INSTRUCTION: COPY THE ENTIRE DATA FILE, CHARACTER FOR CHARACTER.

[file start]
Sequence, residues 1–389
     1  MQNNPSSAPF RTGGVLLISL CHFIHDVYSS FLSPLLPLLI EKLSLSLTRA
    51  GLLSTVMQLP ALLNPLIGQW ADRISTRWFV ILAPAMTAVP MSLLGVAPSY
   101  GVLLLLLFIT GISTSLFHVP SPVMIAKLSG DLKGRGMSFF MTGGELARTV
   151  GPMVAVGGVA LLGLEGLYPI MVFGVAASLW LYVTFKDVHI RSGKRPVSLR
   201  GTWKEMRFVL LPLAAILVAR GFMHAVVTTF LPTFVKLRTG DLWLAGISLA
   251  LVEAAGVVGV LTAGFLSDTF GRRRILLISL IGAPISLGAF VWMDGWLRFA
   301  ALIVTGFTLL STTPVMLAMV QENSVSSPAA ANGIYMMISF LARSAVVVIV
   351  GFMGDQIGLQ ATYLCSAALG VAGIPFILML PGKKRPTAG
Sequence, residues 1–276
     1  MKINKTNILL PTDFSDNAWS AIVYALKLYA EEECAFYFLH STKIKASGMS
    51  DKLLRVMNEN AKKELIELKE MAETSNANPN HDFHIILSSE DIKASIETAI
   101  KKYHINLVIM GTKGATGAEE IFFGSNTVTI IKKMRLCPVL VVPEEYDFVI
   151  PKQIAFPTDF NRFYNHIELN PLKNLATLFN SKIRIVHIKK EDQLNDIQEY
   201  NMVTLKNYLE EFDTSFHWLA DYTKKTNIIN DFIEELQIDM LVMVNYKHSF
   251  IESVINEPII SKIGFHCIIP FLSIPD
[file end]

Sequence, residues 1–389
     1  MQNNPSSAPF RTGGVLLISL CHFIHDVYSS FLSPLLPLLI EKLSLSLTRA
    51  GLLSTVMQLP ALLNPLIGQW ADRISTRWFV ILAPAMTAVP MSLLGVAPSY
   101  GVLLLLLFIT GISTSLFHVP SPVMIAKLSG DLKGRGMSFF MTGGELARTV
   151  GPMVAVGGVA LLGLEGLYPI MVFGVAASLW LYVTFKDVHI RSGKRPVSLR
   201  GTWKEMRFVL LPLAAILVAR GFMHAVVTTF LPTFVKLRTG DLWLAGISLA
   251  LVEAAGVVGV LTAGFLSDTF GRRRILLISL IGAPISLGAF VWMDGWLRFA
   301  ALIVTGFTLL STTPVMLAMV QENSVSSPAA ANGIYMMISF LARSAVVVIV
   351  GFMGDQIGLQ ATYLCSAALG VAGIPFILML PGKKRPTAG
Sequence, residues 1–276
     1  MKINKTNILL PTDFSDNAWS AIVYALKLYA EEECAFYFLH STKIKASGMS
    51  DKLLRVMNEN AKKELIELKE MAETSNANPN HDFHIILSSE DIKASIETAI
   101  KKYHINLVIM GTKGATGAEE IFFGSNTVTI IKKMRLCPVL VVPEEYDFVI
   151  PKQIAFPTDF NRFYNHIELN PLKNLATLFN SKIRIVHIKK EDQLNDIQEY
   201  NMVTLKNYLE EFDTSFHWLA DYTKKTNIIN DFIEELQIDM LVMVNYKHSF
   251  IESVINEPII SKIGFHCIIP FLSIPD